The institute plans to host cookouts and other events at the house, which Storer describes as a “real showpiece.” In fact, during Orientation Week the institute already opened up their home to first-year students accepted into the program.
Next year, Hoekstra and Storer expect the demand for resident contracts to explode within the Honors Institute community—enough so that the house becomes exclusively for honors students.
“When this opportunity came up at the end of last spring, we were very excited, yet concerned about whether we could get enough contracts to fill the house,” says Hoekstra. “Most students had already made living arrangements by that time. However, Housing and Residential Life allowed any student who had renewed a contract to live in a University residence hall to come live here instead, which was very helpful.”
Both Storer and Hoekstra agree that Pierce and his staff have been “fantastic” to work with. “At the end of last year, Travis brought all of the residents into the house, laid out all the plans for the renovations, and asked us to do some picking and choosing,” says Hoekstra. “Once we gave him our input, he just ran with it, and in one summer, turned this house into a home for us. That’s impressive.”
“Travis and the housing staff have been great,” says Storer. “Basically, the challenge was, could the Honors Institute jump on this opportunity? Clearly, the institute did its part, and the University did its part. That’s key for us: finding opportunities that benefit both students and the University, and being able to take the bull by the horns and get it done.”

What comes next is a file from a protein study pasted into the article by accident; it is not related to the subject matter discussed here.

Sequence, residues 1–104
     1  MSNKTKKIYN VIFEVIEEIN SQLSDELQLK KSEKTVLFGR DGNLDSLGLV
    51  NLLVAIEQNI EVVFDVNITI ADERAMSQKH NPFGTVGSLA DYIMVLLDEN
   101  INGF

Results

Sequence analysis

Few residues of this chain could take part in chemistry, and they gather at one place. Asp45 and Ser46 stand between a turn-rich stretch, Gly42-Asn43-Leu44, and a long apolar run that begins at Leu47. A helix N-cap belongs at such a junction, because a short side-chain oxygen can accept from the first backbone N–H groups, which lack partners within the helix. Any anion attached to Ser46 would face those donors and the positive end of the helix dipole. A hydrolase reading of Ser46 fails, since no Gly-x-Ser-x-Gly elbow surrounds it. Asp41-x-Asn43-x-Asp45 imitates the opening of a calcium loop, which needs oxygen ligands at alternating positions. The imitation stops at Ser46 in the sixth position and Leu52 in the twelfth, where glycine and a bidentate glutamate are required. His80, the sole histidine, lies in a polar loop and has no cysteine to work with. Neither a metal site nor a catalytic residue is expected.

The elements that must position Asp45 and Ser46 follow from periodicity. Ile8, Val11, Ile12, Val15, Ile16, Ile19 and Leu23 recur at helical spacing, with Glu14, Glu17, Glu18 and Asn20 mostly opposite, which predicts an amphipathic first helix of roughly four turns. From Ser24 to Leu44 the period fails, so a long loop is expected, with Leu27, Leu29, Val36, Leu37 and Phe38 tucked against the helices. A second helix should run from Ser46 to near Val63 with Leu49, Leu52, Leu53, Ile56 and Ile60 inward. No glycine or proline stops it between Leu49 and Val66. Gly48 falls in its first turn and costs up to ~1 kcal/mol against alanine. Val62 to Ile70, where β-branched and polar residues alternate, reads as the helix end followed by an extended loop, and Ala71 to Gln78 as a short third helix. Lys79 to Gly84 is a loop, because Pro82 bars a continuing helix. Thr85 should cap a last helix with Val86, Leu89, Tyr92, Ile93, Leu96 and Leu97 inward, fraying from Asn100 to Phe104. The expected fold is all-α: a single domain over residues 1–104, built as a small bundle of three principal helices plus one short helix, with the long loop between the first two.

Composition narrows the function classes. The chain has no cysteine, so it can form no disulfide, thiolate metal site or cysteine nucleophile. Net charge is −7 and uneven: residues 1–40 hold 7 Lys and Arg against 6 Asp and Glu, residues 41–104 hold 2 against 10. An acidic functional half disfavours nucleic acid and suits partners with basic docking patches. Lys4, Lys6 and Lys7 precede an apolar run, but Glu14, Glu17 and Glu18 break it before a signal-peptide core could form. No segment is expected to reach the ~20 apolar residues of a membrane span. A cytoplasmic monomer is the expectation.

“This is a great example of another collaborative partnership between Academic Affairs and Student Affairs,” says Pierce. “Such partnerships provide enhanced opportunities for student learning in a living environment.”
Hoekstra hopes that bringing the Honors Institute members under one roof will encourage the group to thrive socially and advance their mission. “Recently, the institute has initiated new programs and has begun offering new member benefits, and we’re hoping this home will help us in our next step of developing a sense of community—getting everyone to convene in one space and allowing them to develop friendships. It’s important to develop a support network.”
More About the Honors Institute
Established in 2005, the purpose of the Honors Institute at Michigan Tech is to support highly motivated Michigan Tech students as they achieve the highest standards of academic excellence. The institute organizes and supports events that benefit its members and the University community, including
- the Undergraduate Research Expo;
- a scholarship raffle, which is held at K-Day;
- presentations by invited speakers;
- homework meetings and workshops for members;
- informational meetings on applying for nationally competitive scholarships, such as NSF or Fulbright scholarships; and
- the Career Services Etiquette Dinner.
Requirements for membership include
- a combined ACT score of 30 or above for incoming students, or 27 or above for current students;
- maintaining a minimum GPA of 3.5;
- completing three honors contracts, or projects designed to be compatible with a student’s interests and activities;
- completing the essay portion for a nationally competitive scholarship; and
- enrolling in honors sections of select general education courses, such as Composition.
Michigan Technological University is a public research university, home to more than 7,000 students from 54 countries. Founded in 1885, the University offers more than 120 undergraduate and graduate degree programs in science and technology, engineering, forestry, business and economics, health professions, humanities, mathematics, and social sciences. Our campus in Michigan’s Upper Peninsula overlooks the Keweenaw Waterway and is just a few miles from Lake Superior.